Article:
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China vs US- On the basis of purchasing power parity, China’s economy is bigger

On Wednesday, the International Comparison Program, a statistical project coordinated by the World Bank, announced new data on the size of economies by purchasing power parity that suggests China’s economy is bigger than previously thought.

But the latest news is anything but surprising. Capture d’écran 2014-04-30 à 08.18.55

Regular GDP power rankings are compiled by converting a country’s gross domestic product into U.S. dollars at market exchange rates. The U.S.’s economy in 2012 was valued at over $16 trillion, twice the size of China’s, according to World Bank statistics. It’s by these measures that China’s economy won’t overtake the U.S. for a decade or more.

Some economists say this way of comparing economies is misleading because it doesn’t take fluctuating exchange rates into account. If you believe China’s yuan currency is undervalued, as U.S. Treasury does, then its GDP converted into U.S. dollars is likely to understate the true size of the economy. Likewise, just because a country’s currency devalues by 10% against the dollar, it doesn’t follow its relative economic size shrinks by 10%.

Another way of comparing economies, employed by the ICP, uses a concept called purchasing power parity. PPP exchange rates make adjustments for the differing costs of goods and services across countries. They attempt to show what exchange rates would have to be to buy the same basket of goods in different places.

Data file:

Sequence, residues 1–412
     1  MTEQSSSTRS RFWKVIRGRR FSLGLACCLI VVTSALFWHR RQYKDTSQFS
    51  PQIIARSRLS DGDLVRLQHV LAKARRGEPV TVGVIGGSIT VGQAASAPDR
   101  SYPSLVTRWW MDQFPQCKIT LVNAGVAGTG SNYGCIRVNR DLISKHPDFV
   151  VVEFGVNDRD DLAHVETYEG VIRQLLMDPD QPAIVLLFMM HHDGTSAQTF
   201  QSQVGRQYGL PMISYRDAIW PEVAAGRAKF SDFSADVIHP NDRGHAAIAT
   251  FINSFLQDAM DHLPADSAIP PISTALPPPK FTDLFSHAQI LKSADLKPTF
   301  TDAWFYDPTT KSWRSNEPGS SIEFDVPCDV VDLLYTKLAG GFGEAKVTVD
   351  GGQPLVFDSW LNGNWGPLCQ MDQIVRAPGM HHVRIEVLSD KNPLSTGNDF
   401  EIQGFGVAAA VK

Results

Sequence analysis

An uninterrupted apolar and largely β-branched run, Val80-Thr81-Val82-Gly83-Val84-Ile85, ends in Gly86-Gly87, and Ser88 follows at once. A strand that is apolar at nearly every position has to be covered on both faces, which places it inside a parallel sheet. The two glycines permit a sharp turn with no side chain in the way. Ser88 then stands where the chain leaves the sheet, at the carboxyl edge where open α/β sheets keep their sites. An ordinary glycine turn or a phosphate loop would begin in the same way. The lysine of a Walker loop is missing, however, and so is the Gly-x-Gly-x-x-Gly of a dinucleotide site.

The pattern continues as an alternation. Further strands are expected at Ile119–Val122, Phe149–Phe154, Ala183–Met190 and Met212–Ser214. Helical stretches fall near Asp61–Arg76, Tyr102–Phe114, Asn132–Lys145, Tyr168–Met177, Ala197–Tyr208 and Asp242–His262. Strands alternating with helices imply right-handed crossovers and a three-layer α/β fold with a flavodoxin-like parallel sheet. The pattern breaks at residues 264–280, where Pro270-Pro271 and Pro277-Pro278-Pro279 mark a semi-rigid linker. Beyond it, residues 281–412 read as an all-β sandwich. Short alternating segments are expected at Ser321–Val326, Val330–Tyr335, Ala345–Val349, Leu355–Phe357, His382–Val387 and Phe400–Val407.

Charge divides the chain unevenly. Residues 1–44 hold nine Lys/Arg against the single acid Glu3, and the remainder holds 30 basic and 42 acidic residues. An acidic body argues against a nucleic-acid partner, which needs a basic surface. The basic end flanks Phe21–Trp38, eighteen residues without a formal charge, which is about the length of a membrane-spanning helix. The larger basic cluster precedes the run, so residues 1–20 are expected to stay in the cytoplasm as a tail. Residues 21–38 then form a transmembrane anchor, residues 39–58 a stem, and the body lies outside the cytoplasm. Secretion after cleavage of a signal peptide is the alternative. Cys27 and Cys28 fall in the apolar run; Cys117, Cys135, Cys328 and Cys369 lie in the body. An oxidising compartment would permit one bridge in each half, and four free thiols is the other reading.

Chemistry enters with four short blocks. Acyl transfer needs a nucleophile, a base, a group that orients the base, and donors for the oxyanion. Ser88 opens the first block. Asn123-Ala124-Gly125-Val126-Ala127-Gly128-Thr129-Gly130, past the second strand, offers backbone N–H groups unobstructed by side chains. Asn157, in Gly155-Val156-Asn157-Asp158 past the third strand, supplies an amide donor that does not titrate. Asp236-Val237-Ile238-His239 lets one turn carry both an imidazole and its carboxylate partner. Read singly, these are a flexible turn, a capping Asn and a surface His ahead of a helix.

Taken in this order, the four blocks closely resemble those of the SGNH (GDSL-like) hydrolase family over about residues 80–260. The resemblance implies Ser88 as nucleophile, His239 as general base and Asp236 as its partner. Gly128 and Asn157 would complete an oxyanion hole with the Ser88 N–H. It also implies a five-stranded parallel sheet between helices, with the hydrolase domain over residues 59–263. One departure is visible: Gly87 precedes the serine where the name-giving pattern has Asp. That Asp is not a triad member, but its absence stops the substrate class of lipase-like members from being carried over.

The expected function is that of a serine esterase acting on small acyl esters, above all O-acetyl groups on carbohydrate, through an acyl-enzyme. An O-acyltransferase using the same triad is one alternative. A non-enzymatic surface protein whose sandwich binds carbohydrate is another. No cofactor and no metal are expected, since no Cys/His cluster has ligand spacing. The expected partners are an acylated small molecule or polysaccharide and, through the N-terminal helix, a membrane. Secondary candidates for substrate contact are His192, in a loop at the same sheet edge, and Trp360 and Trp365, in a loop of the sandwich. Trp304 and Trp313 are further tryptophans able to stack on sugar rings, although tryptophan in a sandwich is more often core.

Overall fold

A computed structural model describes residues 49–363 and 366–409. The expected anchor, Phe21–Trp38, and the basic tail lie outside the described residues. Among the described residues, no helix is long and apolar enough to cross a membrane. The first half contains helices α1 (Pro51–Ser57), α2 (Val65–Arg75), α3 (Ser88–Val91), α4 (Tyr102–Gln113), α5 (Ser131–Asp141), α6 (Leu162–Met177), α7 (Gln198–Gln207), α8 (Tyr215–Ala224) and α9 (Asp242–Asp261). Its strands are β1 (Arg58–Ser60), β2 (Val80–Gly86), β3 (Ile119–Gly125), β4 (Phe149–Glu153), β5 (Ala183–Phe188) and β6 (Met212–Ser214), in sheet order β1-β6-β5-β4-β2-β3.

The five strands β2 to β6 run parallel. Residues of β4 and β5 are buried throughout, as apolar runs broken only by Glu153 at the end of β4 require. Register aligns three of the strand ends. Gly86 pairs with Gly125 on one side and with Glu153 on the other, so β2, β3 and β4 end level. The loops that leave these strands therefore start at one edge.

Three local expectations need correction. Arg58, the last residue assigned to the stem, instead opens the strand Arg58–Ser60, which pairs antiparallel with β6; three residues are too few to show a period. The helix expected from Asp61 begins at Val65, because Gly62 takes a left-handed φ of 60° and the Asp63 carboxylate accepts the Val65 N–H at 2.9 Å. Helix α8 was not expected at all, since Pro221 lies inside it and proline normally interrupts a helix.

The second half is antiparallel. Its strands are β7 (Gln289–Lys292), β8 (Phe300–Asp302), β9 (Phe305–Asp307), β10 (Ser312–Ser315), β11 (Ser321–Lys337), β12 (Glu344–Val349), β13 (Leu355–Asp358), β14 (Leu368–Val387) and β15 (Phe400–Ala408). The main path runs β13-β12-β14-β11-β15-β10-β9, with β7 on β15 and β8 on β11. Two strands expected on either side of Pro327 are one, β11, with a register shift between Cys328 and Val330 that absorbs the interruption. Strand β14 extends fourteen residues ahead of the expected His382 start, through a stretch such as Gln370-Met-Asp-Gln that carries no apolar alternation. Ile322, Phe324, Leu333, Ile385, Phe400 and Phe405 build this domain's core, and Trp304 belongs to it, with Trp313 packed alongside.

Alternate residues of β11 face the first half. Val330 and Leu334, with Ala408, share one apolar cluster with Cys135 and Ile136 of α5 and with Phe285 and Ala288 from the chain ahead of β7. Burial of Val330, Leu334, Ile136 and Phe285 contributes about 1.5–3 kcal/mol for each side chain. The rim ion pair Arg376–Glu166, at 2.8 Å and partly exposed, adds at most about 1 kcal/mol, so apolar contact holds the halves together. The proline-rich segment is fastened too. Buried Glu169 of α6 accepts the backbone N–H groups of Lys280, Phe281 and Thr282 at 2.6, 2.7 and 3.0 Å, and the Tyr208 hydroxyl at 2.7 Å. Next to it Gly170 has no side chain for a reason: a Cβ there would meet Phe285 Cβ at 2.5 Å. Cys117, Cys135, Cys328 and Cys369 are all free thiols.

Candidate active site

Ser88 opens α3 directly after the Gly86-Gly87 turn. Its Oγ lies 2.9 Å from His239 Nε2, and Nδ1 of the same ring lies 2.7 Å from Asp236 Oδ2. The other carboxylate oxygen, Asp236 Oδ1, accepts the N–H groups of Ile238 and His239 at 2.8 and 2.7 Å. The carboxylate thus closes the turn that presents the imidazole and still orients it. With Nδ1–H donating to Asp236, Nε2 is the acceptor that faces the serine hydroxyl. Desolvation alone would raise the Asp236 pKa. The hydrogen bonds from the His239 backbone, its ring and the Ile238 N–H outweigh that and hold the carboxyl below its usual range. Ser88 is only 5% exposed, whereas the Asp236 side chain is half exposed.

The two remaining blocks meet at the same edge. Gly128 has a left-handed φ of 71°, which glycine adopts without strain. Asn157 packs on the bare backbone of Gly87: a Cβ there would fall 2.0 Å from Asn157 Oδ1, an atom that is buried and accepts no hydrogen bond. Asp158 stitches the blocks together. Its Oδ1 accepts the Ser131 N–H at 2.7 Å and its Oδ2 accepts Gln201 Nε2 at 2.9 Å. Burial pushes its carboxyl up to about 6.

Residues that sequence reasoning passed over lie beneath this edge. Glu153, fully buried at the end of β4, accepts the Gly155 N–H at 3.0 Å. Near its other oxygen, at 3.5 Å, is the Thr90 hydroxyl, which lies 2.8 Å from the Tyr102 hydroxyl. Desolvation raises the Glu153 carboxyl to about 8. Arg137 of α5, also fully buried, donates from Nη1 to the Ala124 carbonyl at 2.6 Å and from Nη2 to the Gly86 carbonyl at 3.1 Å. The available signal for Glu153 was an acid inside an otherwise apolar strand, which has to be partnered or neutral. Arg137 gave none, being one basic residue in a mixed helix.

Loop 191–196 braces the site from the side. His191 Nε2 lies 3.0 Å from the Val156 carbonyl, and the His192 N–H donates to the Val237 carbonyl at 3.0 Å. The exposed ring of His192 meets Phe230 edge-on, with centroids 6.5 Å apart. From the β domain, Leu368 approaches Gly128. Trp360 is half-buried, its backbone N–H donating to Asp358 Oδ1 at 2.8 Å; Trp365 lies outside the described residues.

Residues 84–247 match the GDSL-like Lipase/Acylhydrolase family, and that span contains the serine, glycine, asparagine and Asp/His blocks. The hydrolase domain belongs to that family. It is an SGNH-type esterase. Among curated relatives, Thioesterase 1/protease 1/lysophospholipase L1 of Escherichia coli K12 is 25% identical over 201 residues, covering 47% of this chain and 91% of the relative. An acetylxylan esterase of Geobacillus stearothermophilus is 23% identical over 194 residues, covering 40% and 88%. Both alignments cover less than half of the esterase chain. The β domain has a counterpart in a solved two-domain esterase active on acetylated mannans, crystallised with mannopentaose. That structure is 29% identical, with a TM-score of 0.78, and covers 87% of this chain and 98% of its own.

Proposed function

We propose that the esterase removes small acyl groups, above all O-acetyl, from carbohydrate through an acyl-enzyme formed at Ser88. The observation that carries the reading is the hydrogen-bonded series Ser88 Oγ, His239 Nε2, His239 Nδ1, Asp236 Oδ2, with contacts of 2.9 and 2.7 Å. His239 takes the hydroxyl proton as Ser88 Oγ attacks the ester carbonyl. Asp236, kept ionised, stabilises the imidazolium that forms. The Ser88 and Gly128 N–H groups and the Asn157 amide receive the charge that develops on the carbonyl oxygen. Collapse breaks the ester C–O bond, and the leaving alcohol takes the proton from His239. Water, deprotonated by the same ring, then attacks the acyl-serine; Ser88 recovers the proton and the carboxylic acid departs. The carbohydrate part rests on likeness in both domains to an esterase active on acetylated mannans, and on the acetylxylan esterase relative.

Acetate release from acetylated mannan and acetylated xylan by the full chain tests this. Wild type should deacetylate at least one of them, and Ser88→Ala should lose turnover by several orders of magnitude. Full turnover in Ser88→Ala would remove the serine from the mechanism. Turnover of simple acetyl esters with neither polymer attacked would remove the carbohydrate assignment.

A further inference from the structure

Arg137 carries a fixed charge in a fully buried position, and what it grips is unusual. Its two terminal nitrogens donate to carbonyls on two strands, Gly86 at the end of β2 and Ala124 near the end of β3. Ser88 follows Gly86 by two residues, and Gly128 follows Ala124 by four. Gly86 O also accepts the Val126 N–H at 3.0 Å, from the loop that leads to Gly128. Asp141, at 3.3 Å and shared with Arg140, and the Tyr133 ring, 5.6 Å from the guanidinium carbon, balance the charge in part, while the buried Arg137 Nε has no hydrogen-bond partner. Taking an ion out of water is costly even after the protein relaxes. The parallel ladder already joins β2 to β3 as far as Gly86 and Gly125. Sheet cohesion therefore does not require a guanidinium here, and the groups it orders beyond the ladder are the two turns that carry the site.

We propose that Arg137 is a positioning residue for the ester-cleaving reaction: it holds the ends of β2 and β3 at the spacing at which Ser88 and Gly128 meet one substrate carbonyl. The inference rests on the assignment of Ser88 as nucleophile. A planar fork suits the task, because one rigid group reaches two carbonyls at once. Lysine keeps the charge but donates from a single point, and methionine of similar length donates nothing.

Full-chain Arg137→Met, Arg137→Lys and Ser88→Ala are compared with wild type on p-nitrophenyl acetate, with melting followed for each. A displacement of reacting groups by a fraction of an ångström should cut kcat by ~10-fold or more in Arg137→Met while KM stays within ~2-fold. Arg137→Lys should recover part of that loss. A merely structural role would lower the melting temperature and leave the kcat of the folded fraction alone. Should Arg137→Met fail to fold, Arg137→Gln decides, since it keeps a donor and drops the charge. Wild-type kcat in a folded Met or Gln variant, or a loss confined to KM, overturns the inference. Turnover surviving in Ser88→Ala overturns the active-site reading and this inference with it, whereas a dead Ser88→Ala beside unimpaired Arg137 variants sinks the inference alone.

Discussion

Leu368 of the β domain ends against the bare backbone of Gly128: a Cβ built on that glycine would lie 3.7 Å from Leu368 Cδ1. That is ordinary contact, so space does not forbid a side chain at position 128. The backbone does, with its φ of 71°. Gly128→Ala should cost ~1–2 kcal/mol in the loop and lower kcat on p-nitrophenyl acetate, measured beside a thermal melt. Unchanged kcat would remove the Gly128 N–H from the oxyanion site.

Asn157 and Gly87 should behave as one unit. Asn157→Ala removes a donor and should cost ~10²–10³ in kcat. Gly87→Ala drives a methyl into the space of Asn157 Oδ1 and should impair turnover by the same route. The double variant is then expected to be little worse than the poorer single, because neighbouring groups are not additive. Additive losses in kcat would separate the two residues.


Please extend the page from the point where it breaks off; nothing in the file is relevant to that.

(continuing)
As costs are much higher in the industrialized world, especially for nontraded goods, comparisons of GDP by PPP exchange rates tend to boost the relative size of poorer nations’ economies. In essence, money goes further in the developing world…

Like all data, though, there are reasons to treat PPP-based calculations with caution. For one, they are a statistical construction, based on complex surveys of baskets of goods in many countries. The IMF points out here the possible statistical errors. And the ICP notes in Wednesday’s release there’s a margin of error either way of 15% when using its data to compare economies of different sizes.

Some economists believe nominal GDP, by using market exchange rates, better measures what a nation’s people or its companies can buy in international markets.

Then, there’s the big issue of the relative populations of an economy. In many ways, it’s no surprise China, with 1.3 billion people, is catching up with the U.S., whose population is about a quarter the size.

“You’d expect countries with more people to have bigger output,” said Stephen Schwartz, a former International Monetary Fund official who now works as an economist for Moody’s Investors Service in Hong Kong. “In per capita terms, China is still very poor.”

Indeed. Ranking the ICP numbers on a per capita basis, China comes in 99th position. India is at No. 127. The U.S. places 12th, a reflection of its much higher productivity and relative wealth.

Chosen excerpts by Job Market Monitor. Read the whole story at China’s Economy Surpassing U.S.? Well, Yes and No – Real Time Economics – WSJ.


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